Tailored vaccination

By A. van den Berg, translated by F. Roodenburg-Somers

Tailored Vaccination – PDF

Science is always evolving, and with the passing of time a lot of new knowledge is gained, and old knowledge reviewed. Perceptions of a known and trusted vaccination policy have certainly changed over the last couple of years.

Until recently it was common to vaccinate puppies and dogs according to a specific schedule. In the Netherlands puppies were vaccinated at 6, 9 and 12 weeks old, and this vaccine would be repeated every year by means of the cocktail. This cocktail consists of DHP (Distemper, Hepatitis and Parvo), often Kennel Cough and a vaccine against Weil’s Disease. Besides those, some dogs would also be vaccinated for rabies. Nowadays perceptions have changed and science has shown that vaccines do not necessarily have to be repeated on a yearly basis. Cocktails are being given every three years now, and the same goes for the rabies vaccine. The only vaccine that has to be repeated every year is the one for Weil’s Disease, also known as leptospirosis.

What is the importance of vaccination?

Vaccination has been a much debated topic the past couple of years, and it appears that vaccinating is not limited to positive aspects only. Furthermore is it becoming clear that the effect of certain vaccinations last much longer than was previously assumed. Let me make myself clear: it is a good thing vaccinations exist, they are the main reason some diseases have all but disappeared. However, I think we have to acknowledge vaccinations have a downside as well.

Thanks to vaccinations certain diseases have become very rare in the Netherlands, but it is because of this scarcity that dogs do not encounter those diseases ‘in the field’, which makes it almost impossible for them to compose immunity on their own. This makes dogs vulnerable, because it makes them more or less dependent on the vaccines to build up antibodies against something that is hardly a threat because of its rarity.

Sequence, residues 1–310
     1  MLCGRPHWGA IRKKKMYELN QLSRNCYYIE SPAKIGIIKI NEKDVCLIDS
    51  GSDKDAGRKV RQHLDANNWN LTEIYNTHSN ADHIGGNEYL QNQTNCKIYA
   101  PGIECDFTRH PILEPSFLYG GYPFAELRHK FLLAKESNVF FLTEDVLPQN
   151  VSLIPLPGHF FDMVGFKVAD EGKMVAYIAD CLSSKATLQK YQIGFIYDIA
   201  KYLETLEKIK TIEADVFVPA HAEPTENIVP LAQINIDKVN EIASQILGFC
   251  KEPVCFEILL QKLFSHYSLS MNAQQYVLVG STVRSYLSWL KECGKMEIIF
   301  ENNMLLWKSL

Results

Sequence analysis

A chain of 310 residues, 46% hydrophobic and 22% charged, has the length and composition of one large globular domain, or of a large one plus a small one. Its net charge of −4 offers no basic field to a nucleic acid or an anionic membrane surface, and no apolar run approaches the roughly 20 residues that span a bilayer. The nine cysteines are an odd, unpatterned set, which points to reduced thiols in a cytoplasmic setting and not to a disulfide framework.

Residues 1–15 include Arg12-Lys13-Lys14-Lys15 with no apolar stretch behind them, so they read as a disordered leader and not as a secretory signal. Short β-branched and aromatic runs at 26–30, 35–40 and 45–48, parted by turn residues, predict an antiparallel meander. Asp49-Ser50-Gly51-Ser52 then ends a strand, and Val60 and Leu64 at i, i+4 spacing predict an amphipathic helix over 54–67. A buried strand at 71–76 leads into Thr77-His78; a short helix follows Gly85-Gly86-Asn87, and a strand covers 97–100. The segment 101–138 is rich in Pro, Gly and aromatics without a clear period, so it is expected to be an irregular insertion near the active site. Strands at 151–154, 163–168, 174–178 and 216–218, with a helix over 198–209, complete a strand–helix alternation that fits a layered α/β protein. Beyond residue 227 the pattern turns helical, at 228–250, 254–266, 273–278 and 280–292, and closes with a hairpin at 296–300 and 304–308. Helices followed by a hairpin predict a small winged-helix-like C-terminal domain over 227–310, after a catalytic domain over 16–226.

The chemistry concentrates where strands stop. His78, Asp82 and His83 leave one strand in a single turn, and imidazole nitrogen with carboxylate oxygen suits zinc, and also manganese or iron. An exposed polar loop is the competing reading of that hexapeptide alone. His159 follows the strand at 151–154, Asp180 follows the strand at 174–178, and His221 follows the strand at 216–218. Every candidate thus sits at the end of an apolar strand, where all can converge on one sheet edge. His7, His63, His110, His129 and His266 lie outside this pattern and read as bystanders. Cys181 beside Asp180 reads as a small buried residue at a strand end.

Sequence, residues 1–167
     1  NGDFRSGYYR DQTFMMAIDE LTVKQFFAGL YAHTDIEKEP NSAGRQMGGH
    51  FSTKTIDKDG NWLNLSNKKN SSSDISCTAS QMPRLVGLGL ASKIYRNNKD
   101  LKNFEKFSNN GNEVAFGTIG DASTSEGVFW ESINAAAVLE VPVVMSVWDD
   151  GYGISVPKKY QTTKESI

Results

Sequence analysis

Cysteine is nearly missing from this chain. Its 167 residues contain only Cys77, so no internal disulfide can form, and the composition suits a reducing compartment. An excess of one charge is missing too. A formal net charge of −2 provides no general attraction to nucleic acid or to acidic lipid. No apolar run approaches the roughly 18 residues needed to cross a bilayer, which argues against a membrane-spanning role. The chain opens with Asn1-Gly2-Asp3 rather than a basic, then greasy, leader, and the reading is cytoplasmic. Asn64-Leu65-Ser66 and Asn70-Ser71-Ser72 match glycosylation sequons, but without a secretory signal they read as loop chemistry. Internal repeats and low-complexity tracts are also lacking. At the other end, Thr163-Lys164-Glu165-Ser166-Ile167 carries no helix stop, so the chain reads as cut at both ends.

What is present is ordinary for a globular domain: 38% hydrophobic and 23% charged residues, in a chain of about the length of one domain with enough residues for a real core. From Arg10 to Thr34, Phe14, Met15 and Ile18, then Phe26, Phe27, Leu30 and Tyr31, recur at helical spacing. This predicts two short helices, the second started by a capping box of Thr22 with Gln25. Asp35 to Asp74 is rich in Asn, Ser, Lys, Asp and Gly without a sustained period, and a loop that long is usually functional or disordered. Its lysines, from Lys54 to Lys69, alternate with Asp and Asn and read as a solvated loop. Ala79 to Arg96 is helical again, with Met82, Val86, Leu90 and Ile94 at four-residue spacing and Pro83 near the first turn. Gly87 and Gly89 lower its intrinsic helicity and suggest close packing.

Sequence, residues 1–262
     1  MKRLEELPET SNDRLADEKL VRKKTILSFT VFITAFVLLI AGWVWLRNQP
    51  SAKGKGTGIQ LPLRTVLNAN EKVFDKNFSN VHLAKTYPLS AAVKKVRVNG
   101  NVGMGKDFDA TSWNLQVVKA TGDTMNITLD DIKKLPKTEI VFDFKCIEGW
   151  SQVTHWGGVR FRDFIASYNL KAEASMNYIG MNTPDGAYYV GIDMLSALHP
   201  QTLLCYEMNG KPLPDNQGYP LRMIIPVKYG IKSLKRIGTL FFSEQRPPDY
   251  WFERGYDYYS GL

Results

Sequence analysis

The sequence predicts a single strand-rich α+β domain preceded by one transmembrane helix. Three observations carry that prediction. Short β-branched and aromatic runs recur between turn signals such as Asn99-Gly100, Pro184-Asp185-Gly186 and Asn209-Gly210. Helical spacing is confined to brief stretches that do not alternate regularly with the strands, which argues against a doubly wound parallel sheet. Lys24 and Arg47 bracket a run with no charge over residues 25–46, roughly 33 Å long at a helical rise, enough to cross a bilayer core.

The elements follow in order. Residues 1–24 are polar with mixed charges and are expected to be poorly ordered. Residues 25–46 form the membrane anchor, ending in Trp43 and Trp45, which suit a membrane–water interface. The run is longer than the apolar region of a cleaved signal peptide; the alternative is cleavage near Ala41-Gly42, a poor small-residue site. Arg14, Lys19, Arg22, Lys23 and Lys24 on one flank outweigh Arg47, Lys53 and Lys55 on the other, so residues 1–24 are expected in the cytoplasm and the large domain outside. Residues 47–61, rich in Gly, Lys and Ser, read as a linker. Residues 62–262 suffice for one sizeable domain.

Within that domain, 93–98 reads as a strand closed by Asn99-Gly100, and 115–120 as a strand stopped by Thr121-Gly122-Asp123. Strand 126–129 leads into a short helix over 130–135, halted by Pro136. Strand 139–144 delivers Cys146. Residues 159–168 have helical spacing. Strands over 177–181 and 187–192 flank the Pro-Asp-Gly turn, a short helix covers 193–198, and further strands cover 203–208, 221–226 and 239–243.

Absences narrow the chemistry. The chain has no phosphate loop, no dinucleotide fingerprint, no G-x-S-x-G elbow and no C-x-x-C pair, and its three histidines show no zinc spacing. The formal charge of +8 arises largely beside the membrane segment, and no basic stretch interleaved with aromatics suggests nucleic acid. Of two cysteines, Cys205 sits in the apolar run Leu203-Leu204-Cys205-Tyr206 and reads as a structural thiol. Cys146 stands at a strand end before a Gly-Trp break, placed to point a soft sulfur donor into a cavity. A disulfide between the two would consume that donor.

Odd as it may sound, vaccination’s success increases the need to vaccinate. This is a strange, artificial situation, and not completely harmless at that. Especially since it has become clear that certain vaccinations do not need to be given as frequently as was commonly done, we are facing the fact that dogs were vaccinated excessively for many years.

What is the risk of vaccination?

Every vaccination harms a dog’s immune system. This is necessary to urge the body to make antibodies against diseases. Vaccines sometimes contain weakened or dead pathogens. They may not or hardly cause illness in our dogs, but they do cause the immune system to produce antibodies, which was exactly the point in the first place.

However, because the immune system is repeatedly and artificially weakened, vaccinations are also harmful for the dog’s body. Especially with the large cocktail multiple pathogens are injected at the same time: Distemper, Hepatitis, Parvo, Weil’s Disease and occasionally Kennel Cough. This is quite an assault on the dog’s body. Most dogs sustain this effortlessly, some dogs are a bit down for a day or so, but some dogs become very ill. Oftentimes it is not the vaccine itself the body responds to, but the auxiliary matters found in the vaccines. In some cases this will not show until much later, which makes it hard to make a connection to the vaccinations. In these cases autoimmune diseases and allergies are often mentioned. The current vaccine against Leptospirosis (L4) is globally controversial regarding this matter.

Fortunately tailored vaccination is possible in the Netherlands. This concept is given more and more attention, which in itself increases the opportunity to do so.

What is tailored vaccination?

When customising vaccinations veterinarians use so-called titering. A bit of blood is drawn, and this is checked for the amount of antibodies against Distemper, Hepatitis and Parvo. These are the three vaccines present in the DHP-cocktail. The amount of antibodies is rendered on a strip with four dots. The upper dot is the control dot, those below show Hepatitis, Parvo and Distemper. When titering shows the amount of antibodies is sufficient, it is not useful to vaccinate. The vaccination will simply be in vain. By titering we can determine whether it is useful to vaccinate – by vaccinating we can only guess or hope whether it is useful to vaccinate. This means titering has advantages, because to measure is to know.

 Foto 1: Titerstaaltje van een hond van 8 jaar. Zij was twee jaar daarvoor voor het laatst gevaccineerd, een jaar geleden was er voor het eerst een titerbepaling gedaan die uitwees dat vaccinatie niet nodig was. De onderste drie stippen zijn significant donkerder dan de bovenste stip, de controlestip. Deze hond beschikt dus over een ruime hoeveelheid antilichamen tegen hepatitis, parvo en distemper/hondenziekte. Met deze waarden zou het volkomen zinloos zijn om deze hond te vaccineren, en op basis van deze uitslag en de ervaring van de dierenarts is deze hond voor twee jaar vrijgegeven. Dat betekent dat twee jaar na deze titerbepaling gekeken zou moeten worden of vaccinatie tegen die tijd zinvol is.